Rohlfing: Positives to take from close Cyclone losses


Courtesy of the OU Daily

Then-redshirt sophomore Tarique Milton runs past his defender during the game against Oklahoma on Nov. 9, 2019. The Cyclones lost to the Sooners 42-41.

Noah Rohlfing

Compared to the play the Cyclones have given on the field, Iowa State’s 2019 record doesn’t add up.

When you dig into the numbers and what the computers say the Cyclones should be at, it gets even worse. But in a way, it shows just how close Iowa State is to making a big step forward on the field — if the Cyclones choose to see it that way.

At least, that’s how redshirt sophomore tight end Chase Allen sees it.

“The team could take it one of two ways,” Allen said. “They could use it positively and see like, ‘hey, these few plays and this is how close we are,’ or they could say ‘man, we just can’t do it.'”

The Cyclones have suffered four losses by a combined 11 points, with three of those losses by two points or fewer. 

Each game has at least one play fans and reporters alike point to as the one that decided a win or loss. 

In the defeat to rival Iowa, it was a mishap on a late punt return between blocker Datrone Young and return man Deshaunte Jones. 

In the Cyclones’ loss to Baylor, it was less of a single play and more of the inability to stop Baylor on the final drive of the game despite multiple opportunities. 

Brock Purdy’s pick-six against Oklahoma State halfway through the fourth quarter was the turning point of the game and the Cyclones couldn’t recover from it.

You could absolutely say the play against Oklahoma last weekend was the two-point conversion attempt that fell short. But in my opinion, it was a missed opportunity by safety Greg Eisworth in the first half, when the junior dropped what looked to be a certain pick-six. That drive led to an Oklahoma touchdown.

I don’t think these plays are indicative of Iowa State’s quality as a team — and neither do the Cyclones.

“I’ll measure our success or failure at the end of the football season,” coach Matt Campbell said. “I see great growth that’s happening right now.”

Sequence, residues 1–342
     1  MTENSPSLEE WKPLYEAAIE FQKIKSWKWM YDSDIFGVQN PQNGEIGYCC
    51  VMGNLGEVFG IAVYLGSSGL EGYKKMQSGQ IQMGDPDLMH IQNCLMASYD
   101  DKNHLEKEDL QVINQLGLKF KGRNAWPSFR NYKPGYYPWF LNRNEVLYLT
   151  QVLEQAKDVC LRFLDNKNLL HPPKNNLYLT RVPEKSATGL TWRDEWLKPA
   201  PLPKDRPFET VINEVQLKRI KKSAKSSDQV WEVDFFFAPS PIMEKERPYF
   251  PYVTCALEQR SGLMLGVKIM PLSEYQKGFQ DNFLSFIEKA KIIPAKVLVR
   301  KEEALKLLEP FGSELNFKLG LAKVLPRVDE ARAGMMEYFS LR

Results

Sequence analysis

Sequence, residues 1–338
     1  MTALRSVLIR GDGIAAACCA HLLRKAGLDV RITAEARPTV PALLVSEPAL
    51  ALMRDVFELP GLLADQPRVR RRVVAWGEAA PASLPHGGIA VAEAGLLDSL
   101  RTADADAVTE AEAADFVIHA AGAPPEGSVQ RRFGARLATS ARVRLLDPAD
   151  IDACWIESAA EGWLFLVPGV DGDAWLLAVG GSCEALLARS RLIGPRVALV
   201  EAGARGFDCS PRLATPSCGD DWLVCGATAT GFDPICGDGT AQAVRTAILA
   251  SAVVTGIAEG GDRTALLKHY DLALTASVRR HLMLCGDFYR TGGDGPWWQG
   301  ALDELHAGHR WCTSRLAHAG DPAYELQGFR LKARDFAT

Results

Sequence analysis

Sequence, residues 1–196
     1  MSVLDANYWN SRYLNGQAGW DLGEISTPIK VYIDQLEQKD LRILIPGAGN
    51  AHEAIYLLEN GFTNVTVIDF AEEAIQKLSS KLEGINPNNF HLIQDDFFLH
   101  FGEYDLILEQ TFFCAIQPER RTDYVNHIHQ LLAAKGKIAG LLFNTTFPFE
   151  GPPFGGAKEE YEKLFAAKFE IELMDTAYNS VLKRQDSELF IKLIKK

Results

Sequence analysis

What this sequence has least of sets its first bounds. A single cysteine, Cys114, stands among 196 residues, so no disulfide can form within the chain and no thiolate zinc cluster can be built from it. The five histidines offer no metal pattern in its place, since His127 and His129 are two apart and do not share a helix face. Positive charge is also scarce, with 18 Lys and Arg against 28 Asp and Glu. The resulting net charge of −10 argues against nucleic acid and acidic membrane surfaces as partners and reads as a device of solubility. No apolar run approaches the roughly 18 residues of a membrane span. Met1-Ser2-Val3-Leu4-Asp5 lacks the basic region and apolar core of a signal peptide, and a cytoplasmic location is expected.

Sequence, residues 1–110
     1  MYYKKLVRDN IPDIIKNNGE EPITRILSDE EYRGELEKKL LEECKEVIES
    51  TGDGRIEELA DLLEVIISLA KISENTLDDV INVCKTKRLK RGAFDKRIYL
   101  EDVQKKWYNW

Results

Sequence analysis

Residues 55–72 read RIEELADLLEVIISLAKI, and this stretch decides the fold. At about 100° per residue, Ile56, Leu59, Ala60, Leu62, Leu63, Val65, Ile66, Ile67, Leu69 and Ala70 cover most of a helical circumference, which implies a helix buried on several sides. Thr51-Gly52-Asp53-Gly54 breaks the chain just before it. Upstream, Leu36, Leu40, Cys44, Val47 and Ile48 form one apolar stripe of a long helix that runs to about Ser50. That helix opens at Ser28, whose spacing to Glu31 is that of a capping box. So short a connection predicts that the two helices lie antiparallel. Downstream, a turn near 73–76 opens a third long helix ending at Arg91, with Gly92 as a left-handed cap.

The numbers love Iowa State. SP+, the system used by numbers wizard Bill Connelly to calculate the overall quality of a football team, still has Iowa State ranked in its top-25 (the Cyclones sit at 21st, the third-highest ranking in the Big 12). The Cyclones rank in the top-30 on both offense and defense, with their special teams lagging behind at 81st in the country.

The Cyclones have the second-best defense in the conference, SP+ states — only behind Baylor.

Monday afternoon, Alex Halsted of 247Sports asked Connelly on Twitter what the Cyclones’ expected current wins total in SP+ was.

It was 7.2. 

See? The numbers love the Cyclones, despite the 5-4 record the team holds.

Wide receiver Tarique Milton said the close losses do carry some positives.

“It just shows that it’s possible,” Milton said. “We are good, we just have to work a little harder and we’ll be there.”

The Cyclones are a young football team on both sides of the ball, and with that youthfulness comes boatloads of promise — take, for example, the rise of Breece Hall and the continued growth of Purdy into one of the nation’s best quarterbacks as a true sophomore on the offensive side, or the emergence of Tayvonn Kyle as a starter at cornerback along with Anthony Johnson and Young.

But with the youth around the program also comes inconsistencies. Campbell has often mentioned the Cyclones’ need to play good, consistent football for all four quarters and win in the margins. In each of their four losses, the Cyclones had bad halves, quarters or moments that put them in a losing position. 

Clean those instances up, and maybe Iowa State’s on-field record will match the analytics’ view of the Cyclones.